COURT OF APPEAL.
GUNASEKERA, J. ANDYAPA, J.
C.A. NO. 146/93
C. COLOMBO NO. 4911/91M.C. PANADURA NO. 953/93
OCTOBER 13, 14,19, NOVEMBER 15, 16 AND 18, DECEMBER 02 AND 18 1994.
Criminal Law – Conspiracy to commit murder – Prevention of Terrorism Act -Confession to S.S.P. – S. 16 of the Prevention of Terrorism (Temporary Provisions)Act, No. 48 of 1978 – Section 24 of the Evidence Ordinance.
A confession made by an accused person to a Senior Superintendent of Policerecorded under Section 16 of the Prevention of Terrorism (Temporary Provisions)Act, No. 48 of 1978 may be Droved against the maker if such statement is notirrelevant under Section 24 of ’he Evidence.
Where the accused denied making a statement to the Senior Superintendent ofPolice though he had signed it under assault, the typist who typed the statementshould have been called. Further the evidence of the typist was very materialbecause in his declaration he has noted that he correctly typed the statement asdictated by G. P. S. Ariyasena ;hus giving the impression that what was typed waswhat S.S.P. Ariyasena dictated and not what accused stated.
A confession made by an accused person is irrelevant in a criminal proceeding ifthe making of the confession appears to the court to have been made underinducement, promise or threat'S. 24). The evidence of assault on the accused bythe Police has not been sufficiently rebutted.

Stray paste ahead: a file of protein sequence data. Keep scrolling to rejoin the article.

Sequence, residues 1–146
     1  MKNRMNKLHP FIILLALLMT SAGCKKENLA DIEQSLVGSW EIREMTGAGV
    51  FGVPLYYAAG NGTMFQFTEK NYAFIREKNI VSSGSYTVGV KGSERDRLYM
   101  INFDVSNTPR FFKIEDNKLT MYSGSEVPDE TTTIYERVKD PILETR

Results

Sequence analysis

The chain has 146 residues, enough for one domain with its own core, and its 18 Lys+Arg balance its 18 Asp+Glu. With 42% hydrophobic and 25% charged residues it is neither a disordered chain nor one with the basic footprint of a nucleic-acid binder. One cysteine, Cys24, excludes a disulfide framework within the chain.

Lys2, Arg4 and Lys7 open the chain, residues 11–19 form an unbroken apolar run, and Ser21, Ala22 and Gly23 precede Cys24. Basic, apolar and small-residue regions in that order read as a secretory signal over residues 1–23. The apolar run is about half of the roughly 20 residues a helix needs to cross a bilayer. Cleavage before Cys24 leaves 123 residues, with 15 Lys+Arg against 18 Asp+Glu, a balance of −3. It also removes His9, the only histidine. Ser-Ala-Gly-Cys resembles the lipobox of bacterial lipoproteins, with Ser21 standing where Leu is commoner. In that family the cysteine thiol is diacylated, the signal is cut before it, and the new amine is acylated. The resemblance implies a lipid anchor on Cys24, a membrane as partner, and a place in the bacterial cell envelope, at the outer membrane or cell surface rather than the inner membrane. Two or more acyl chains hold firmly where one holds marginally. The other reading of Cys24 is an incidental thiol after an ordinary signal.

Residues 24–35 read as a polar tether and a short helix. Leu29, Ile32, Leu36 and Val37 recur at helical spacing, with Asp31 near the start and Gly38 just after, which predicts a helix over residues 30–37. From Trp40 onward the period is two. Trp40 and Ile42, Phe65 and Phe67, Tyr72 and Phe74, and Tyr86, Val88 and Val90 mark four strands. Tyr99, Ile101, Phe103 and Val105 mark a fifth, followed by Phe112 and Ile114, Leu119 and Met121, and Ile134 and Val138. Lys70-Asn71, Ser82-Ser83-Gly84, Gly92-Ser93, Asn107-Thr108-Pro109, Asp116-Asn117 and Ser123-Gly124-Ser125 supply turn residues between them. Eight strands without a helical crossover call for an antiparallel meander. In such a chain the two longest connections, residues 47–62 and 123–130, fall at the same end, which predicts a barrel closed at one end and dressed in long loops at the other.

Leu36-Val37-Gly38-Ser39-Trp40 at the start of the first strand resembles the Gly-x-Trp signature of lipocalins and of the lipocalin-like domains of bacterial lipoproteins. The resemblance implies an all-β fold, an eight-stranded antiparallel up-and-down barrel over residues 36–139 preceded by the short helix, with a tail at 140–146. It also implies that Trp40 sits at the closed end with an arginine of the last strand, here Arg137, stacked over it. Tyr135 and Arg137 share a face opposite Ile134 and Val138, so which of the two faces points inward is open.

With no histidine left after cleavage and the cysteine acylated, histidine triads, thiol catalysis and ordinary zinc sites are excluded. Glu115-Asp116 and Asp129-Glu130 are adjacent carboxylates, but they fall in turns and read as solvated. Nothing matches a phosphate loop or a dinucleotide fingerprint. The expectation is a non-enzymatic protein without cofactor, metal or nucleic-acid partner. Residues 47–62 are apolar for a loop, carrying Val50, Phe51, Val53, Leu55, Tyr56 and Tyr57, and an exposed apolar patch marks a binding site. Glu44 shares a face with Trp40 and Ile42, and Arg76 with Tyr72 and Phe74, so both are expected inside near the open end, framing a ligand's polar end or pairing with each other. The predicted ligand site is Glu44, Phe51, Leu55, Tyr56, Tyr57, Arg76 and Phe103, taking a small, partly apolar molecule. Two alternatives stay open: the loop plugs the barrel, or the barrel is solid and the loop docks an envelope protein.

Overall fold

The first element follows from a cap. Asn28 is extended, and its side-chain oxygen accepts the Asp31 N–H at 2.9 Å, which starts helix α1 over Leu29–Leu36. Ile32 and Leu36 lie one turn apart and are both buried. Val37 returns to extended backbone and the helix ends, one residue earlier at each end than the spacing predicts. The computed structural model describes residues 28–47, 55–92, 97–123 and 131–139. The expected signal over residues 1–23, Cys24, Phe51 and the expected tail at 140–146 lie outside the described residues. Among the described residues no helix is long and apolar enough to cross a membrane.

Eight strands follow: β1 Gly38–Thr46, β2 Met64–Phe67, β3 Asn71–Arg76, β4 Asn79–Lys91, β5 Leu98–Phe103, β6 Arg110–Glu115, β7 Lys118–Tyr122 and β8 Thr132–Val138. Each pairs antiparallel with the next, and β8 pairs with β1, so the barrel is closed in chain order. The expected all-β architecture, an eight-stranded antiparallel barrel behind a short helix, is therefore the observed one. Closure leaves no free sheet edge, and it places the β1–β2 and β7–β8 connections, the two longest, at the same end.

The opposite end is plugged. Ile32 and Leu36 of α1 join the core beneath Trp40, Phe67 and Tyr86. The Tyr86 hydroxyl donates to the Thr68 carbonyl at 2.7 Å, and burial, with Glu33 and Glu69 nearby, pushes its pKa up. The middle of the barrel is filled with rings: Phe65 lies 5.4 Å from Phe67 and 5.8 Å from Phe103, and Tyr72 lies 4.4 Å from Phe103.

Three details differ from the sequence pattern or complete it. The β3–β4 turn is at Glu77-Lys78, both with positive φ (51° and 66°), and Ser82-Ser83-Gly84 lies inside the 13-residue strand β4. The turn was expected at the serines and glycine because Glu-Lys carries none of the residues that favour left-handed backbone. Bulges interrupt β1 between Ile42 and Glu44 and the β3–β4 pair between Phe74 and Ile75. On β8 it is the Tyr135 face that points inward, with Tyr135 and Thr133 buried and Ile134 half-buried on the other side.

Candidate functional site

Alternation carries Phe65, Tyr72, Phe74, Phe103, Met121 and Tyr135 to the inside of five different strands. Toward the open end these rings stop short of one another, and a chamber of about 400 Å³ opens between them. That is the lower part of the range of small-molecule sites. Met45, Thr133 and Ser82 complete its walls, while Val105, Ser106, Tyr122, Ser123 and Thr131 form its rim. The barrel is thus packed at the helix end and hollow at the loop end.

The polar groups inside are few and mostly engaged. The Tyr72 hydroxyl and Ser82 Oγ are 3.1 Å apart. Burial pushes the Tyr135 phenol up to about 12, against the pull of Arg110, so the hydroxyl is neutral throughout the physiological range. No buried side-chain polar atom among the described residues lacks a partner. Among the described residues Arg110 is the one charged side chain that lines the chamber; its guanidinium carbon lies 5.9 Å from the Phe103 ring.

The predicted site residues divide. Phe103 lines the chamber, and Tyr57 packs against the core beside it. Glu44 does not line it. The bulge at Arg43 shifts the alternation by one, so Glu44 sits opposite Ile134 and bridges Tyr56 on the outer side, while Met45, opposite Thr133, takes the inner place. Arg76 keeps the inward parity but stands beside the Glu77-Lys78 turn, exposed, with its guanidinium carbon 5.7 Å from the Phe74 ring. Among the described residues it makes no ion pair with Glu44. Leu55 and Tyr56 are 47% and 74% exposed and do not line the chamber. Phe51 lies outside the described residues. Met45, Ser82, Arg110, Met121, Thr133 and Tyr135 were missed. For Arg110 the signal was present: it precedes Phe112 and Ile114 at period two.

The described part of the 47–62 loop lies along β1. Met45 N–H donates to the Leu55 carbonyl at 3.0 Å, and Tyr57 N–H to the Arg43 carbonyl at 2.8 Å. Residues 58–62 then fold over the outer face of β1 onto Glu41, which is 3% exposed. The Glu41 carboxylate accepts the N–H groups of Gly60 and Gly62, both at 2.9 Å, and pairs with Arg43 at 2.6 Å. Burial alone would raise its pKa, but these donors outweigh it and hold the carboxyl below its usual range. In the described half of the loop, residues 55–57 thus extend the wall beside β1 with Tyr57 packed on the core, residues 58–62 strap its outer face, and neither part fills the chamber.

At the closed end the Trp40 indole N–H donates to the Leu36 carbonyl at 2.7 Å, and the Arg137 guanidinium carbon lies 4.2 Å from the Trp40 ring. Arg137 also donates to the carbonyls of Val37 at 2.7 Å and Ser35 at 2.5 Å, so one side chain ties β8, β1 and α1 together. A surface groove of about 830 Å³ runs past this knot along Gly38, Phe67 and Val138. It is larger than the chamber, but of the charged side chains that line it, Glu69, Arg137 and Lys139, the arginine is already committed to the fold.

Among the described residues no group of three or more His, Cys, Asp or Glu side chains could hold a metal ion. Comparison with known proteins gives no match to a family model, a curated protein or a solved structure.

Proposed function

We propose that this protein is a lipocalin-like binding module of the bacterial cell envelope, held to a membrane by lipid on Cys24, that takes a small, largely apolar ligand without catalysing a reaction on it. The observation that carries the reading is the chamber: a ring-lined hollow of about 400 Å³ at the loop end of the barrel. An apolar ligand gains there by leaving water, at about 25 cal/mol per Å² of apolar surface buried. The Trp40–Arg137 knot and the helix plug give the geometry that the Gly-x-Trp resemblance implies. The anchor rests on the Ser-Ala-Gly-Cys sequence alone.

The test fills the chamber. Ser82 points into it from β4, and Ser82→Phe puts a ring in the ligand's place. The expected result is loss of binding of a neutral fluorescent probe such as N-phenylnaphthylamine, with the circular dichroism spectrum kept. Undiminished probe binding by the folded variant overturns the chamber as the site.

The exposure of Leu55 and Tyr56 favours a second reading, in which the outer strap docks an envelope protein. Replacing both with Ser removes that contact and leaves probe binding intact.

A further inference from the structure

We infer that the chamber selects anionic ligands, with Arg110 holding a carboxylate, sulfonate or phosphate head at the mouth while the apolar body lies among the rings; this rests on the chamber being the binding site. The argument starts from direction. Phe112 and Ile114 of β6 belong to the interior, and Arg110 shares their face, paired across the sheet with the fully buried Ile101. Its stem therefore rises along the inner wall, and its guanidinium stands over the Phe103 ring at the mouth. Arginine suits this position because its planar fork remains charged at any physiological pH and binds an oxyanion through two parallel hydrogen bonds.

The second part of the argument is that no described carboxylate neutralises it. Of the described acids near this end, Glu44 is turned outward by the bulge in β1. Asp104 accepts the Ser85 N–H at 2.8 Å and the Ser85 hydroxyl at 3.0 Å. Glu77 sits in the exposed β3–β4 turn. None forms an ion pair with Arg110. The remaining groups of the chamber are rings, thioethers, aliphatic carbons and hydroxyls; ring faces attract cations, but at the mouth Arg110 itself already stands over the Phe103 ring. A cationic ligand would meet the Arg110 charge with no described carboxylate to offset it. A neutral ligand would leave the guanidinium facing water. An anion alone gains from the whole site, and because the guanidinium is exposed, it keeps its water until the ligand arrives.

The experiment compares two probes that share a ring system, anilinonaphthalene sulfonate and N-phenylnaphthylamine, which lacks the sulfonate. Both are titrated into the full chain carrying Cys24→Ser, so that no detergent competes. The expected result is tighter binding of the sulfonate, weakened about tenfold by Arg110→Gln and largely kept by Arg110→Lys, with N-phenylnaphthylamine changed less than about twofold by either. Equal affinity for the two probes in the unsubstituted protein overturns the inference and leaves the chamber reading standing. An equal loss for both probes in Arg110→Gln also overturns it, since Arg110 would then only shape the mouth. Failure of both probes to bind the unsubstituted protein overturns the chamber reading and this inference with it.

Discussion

A doubt necessarily arises as to whether the confession is a verbatim record ofwhat was uttered by the accused.
Case referred to:
Vivekanandan v. Selvaratnsm 79 N.L.R. 337, at 343 and 344.
APPEAL from conviction and sentence entered by the High Court of Colombo.
R. I. Obeysekera, P.C. with Ark! Silva, K. P. Thavarasa and Mrs. G. Thavarasa foraccused-appellant.
C. R. de Silva, D.S.G. with S. Samaranayake, S.C. for the Attorney-General.
Cur. adv. vult.
The accused-appellant was indicted with Rajalingam Aravindanalias Rasiah Aravincfan alias Paul Fernando, alias Visu, Aloysius Leonalias Peter, Kandiah Sivakumaran alias Arebu and others unknown tothe prosecution with having conspired between the 1st day of June,1989 and the 13th of July, 1989 at Colombo to commit murder bycausing the death of a specified person to wit, AppapillaiAmirthalingam, a Member of Parliament, an offence punishable underSection 3 read with Sections 2(1 )(a) and 3(b) of the Prevention ofTerrorism (Temporary Provisions) Act, No. 48 of 1979 as amended byAct No. 10 of 1982.
After trial before the learned Judge of the High Court, sitting in theHigh Court, Colombo and the High Court, Panadura, the accused-appellant was convicted of the said charge on 19th November 1993,and was sentenced to 7 years rigorous imprisonment. It is against thesaid conviction and the sentence that the accused-appellant haspreferred this appeal.